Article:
The element that makes a startup innovative is its unique idea or new approach to solve existing issues. An idea signifies its very existence so, by all means, that idea should be safeguarded. Here is when Non-disclosure agreement comes in picture. Whether you are considering a joint venture partner, an interested investor, or an employee at a significant position, a Non-Disclosure Agreement must be executed.
The main purpose of NDA is to protect the confidentiality of information shared with an outsider. Not having a signed and enforceable NDA may have drastic consequences down the road when the information which was meant to be confidential falls into the wrong hands.
Though a proper attorney should be hired to avoid all the pitfalls still one must have knowledge of what could go wrong that render NDAs unenforceable.
Some of the common mistakes that make NDA un-enforceable are as follows:
Mistake No. 1: Not specifying what information will be covered and for how long
An NDA must clearly describe:
(1) What type of information is being disclosed;
(2) Whether the NDA covers only written disclosures or both written and oral disclosures;
(3) By what means the information will be disclosed;
(4) How the disclosed information may be used by the recipient; and
(5) How long will the recipient be bound by this NDA.
Missing one or more of these terms may cause problems between the parties when they actually begin to disclose confidential information to each other.
Mistake No. 2: Not specifying when or how disputes related to the NDA will be resolved
It’s not sufficient to just ask for confidentiality through a piece of paper. A procedure should be outlined for enforcing the agreement. Like what happens if the information receiving party violates the agreement?
An NDA must have a clause to specify where and how any disputes related to the NDA will be resolved and by what means like mediation, arbitration or litigation. It should also specify the law which will govern the agreement.
Mistake No. 3: Exceptions not included
NDA with clauses that are difficult to adhere to is stricken down by courts so, including exceptions in the NDA will increase the chances that it will actually hold up in court. Exceptions usually include information which is already public, information which was received by a third party and information that the signer have developed on a personal account.
Mistake No. 4: Not naming the disclosed information as “Confidential”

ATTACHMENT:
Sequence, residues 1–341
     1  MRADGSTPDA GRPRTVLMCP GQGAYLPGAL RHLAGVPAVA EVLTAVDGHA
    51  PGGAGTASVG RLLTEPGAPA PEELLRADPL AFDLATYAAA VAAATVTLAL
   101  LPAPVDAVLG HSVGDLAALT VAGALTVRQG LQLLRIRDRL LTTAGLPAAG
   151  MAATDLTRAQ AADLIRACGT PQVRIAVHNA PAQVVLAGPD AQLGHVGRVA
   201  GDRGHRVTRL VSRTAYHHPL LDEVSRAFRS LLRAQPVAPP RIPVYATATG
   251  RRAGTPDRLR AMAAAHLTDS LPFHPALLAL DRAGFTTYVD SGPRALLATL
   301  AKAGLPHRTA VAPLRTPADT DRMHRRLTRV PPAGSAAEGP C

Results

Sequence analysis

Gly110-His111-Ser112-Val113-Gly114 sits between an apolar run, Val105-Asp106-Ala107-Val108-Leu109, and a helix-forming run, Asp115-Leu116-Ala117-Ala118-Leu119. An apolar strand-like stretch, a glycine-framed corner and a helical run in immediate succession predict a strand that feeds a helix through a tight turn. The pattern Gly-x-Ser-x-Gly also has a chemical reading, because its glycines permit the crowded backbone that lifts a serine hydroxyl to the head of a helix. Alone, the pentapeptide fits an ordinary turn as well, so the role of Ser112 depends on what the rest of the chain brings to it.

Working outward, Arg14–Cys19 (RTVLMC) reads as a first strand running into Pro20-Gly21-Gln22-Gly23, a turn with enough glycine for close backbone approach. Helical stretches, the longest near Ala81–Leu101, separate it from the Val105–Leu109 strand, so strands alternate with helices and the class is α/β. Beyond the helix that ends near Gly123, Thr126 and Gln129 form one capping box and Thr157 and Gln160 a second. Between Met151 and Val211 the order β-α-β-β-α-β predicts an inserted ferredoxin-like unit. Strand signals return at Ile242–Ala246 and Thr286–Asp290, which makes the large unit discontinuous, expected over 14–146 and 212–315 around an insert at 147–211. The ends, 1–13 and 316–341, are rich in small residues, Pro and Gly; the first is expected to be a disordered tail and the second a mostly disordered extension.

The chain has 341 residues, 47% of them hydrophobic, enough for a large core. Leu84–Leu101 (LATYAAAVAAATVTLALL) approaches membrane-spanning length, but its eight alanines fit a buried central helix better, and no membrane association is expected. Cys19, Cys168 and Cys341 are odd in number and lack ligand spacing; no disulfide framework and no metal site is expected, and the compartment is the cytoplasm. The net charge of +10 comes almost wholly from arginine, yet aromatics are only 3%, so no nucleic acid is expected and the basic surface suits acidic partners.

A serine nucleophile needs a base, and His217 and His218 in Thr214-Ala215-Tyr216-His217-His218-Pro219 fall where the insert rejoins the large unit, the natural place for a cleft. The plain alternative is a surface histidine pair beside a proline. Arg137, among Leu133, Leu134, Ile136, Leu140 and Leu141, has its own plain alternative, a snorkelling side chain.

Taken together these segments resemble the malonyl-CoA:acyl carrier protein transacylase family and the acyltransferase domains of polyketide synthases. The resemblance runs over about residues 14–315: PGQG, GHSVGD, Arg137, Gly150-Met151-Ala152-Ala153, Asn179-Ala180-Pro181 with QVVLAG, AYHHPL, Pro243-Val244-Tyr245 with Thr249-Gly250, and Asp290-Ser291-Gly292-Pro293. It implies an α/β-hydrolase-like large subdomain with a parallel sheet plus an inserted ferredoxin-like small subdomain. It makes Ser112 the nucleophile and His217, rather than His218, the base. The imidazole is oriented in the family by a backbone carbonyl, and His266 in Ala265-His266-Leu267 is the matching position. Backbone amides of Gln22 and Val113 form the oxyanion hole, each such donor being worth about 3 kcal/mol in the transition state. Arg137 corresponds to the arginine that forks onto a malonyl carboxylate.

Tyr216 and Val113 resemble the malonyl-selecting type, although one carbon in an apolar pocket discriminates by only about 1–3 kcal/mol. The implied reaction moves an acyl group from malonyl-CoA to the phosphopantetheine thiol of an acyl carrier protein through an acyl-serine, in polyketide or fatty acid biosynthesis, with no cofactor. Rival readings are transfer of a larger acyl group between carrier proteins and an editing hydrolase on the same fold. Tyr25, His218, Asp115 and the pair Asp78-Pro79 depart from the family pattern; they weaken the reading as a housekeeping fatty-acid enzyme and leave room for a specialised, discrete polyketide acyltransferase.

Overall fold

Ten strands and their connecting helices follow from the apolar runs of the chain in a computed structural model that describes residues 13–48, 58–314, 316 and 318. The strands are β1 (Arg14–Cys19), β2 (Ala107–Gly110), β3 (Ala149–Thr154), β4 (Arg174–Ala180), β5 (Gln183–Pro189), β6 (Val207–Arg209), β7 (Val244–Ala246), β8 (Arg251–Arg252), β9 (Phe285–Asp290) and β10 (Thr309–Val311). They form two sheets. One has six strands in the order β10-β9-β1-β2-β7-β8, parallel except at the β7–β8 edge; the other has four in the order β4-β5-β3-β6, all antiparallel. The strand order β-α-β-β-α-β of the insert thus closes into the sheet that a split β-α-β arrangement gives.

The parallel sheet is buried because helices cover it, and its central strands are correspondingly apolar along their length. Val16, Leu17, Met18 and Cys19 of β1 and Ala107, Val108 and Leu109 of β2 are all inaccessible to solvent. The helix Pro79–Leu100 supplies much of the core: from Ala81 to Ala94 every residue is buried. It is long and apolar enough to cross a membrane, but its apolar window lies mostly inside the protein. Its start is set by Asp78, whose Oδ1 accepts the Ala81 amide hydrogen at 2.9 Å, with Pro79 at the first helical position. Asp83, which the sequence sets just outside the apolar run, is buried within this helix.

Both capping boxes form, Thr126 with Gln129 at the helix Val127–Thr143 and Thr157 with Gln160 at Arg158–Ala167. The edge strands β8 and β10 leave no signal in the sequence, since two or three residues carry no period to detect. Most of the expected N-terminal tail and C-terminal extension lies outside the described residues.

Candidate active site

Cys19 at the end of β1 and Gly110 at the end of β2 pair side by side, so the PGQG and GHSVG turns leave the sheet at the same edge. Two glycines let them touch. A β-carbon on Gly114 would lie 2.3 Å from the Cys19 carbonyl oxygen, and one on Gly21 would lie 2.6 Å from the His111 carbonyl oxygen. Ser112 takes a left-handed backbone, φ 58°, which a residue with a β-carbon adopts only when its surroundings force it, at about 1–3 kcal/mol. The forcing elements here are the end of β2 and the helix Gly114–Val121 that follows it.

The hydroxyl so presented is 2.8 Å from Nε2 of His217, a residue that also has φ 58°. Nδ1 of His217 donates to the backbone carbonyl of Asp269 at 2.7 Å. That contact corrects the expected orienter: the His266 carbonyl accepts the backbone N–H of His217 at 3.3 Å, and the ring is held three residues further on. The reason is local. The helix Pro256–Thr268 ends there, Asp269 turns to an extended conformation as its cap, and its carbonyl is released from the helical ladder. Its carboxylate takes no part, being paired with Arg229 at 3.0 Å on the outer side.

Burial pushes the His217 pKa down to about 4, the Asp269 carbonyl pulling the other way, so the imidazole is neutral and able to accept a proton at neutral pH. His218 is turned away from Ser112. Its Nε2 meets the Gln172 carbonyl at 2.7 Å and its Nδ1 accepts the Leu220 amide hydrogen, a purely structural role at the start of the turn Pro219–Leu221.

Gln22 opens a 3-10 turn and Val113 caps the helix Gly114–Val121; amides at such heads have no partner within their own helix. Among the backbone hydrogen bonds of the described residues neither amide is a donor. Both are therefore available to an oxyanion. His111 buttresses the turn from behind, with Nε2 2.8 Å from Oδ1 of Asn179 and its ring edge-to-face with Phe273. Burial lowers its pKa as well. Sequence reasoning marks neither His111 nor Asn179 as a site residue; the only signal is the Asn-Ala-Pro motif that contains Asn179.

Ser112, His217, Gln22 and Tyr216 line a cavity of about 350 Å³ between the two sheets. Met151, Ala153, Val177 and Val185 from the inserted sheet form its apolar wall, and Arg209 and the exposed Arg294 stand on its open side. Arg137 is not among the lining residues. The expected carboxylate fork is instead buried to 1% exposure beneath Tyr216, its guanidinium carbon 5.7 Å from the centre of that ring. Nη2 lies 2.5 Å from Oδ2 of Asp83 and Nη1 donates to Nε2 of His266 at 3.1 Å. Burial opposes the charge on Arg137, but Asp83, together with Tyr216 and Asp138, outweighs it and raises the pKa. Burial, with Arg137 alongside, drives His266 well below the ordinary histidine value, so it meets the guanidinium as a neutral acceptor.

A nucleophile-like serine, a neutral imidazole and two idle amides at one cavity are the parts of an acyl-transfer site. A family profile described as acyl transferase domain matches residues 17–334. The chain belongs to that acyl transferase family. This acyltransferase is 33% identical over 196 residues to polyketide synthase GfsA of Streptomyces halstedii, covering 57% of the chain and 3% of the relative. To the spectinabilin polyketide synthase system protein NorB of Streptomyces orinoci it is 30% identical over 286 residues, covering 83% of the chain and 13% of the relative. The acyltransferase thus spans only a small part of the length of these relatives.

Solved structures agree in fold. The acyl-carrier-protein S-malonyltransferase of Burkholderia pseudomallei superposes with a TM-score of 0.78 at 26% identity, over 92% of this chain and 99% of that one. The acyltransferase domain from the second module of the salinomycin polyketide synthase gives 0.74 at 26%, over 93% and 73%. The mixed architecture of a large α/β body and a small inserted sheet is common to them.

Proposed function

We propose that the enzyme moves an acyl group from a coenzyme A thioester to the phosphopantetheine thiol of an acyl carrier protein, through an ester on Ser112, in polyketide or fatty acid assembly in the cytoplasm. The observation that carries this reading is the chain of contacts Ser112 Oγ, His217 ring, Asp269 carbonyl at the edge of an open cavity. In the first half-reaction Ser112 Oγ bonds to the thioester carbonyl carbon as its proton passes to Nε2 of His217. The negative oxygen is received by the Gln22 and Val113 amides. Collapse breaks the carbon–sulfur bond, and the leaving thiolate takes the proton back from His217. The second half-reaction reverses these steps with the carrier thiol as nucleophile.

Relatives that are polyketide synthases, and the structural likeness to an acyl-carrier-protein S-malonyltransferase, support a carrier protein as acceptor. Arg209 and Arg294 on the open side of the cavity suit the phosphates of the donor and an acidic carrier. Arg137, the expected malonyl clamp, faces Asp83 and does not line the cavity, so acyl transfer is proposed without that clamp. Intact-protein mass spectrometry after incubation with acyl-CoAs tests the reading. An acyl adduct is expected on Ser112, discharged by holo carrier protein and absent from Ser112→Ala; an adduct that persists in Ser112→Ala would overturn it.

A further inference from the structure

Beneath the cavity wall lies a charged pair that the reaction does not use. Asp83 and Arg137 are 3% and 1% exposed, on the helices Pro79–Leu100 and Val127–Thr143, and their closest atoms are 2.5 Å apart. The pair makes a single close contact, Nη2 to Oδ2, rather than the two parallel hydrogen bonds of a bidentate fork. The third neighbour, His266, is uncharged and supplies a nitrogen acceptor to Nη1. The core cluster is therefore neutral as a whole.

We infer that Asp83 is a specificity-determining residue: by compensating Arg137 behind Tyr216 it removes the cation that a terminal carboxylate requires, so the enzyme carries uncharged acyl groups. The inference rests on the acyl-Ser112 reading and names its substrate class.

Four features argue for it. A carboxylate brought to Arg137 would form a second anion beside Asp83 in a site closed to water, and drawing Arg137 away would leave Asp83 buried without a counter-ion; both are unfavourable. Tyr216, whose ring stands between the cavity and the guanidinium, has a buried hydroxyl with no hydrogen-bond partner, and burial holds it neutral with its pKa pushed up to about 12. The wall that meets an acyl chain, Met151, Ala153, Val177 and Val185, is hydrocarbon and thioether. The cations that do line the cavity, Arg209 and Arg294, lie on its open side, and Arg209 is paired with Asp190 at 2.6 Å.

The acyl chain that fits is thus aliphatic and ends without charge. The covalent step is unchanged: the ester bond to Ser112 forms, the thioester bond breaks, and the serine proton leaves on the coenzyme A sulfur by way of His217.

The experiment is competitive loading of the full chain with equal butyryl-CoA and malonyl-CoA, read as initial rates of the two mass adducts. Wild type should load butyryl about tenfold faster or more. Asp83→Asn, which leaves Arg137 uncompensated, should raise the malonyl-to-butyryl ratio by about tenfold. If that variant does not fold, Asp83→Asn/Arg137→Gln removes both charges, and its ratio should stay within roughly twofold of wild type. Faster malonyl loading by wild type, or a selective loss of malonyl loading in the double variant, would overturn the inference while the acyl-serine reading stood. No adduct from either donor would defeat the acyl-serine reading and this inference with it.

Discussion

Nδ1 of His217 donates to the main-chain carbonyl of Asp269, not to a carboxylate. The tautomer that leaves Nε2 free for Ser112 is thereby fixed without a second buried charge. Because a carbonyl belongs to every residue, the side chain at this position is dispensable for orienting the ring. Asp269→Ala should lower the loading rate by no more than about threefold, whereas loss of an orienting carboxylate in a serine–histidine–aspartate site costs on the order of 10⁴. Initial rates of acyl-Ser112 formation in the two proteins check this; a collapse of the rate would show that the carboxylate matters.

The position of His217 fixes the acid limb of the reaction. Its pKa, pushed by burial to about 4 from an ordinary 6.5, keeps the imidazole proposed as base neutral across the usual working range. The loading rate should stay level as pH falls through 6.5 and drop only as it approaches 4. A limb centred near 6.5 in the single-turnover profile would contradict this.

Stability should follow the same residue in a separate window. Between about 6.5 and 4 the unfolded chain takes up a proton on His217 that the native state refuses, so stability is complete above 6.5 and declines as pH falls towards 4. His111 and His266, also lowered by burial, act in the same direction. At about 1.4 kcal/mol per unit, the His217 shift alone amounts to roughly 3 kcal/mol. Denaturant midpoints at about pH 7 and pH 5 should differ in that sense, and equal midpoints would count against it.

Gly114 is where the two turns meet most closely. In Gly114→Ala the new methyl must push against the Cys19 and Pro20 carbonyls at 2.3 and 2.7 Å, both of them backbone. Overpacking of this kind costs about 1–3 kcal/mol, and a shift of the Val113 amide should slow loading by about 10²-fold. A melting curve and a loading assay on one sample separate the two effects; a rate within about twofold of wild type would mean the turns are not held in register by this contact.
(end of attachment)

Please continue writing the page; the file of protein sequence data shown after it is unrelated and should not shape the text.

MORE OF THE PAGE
Any information disclosed under the NDA should be marked as “Confidential”. Corporates falsely believe that they are covered under one blanket NDA but that is not the case. All shared information must be designated as confidential to avoid future disputes as to whether certain information was meant to be confidential or not.
Mistake No. 5: Not retaining an electronic copy of a signed NDA
It is very common to occur that a hard copy of a signed NDA is somehow lost and no one can find an electronic copy with all the signatures.
To prevent this, one should always designate one person, who is responsible for collecting all the necessary signatures and saving the NDA somewhere where it can be easily found.
Mistake No. 6: Leaving clerical loopholes
Clerical errors can render contract of any sort invalid, so it’s crucial to get all of the information correct. For instance, if you are working with a company, you want to ensure that you use the proper company name in the agreement with ‘Ltd.’ included at the end, failing to include “Ltd.” at the end of the company name or using DBA(Doing Business As) name may render the NDA invalid.
Mistake No. 7: Agreements signed by an unauthorized person
If an NDA is signed by a person who is not entitled to execute a binding agreement, it could potentially invalidate the agreement. This is a common mistake in organizations that follow organizational bylaws or operating agreements that designate specific employees who have the power to sign an agreement, regardless of the content of those agreements.
For instance, a representative of a company may have the power to interact and deal with the client but he may not be entitled to sign any sort of contract.
Mistake No. 8: Not defining the scope of what you are disclosing to the party who signed the NDA
A party should always define the scope of what is being disclosed and essentially check whether the information disclosed is absolutely necessary for the other party to know related to the scope of the NDA.
The costs of enforcing or attempting to enforce an NDA is not known to be economic, so limiting the disclosure of information may help a party avoid the risk and expense of litigation.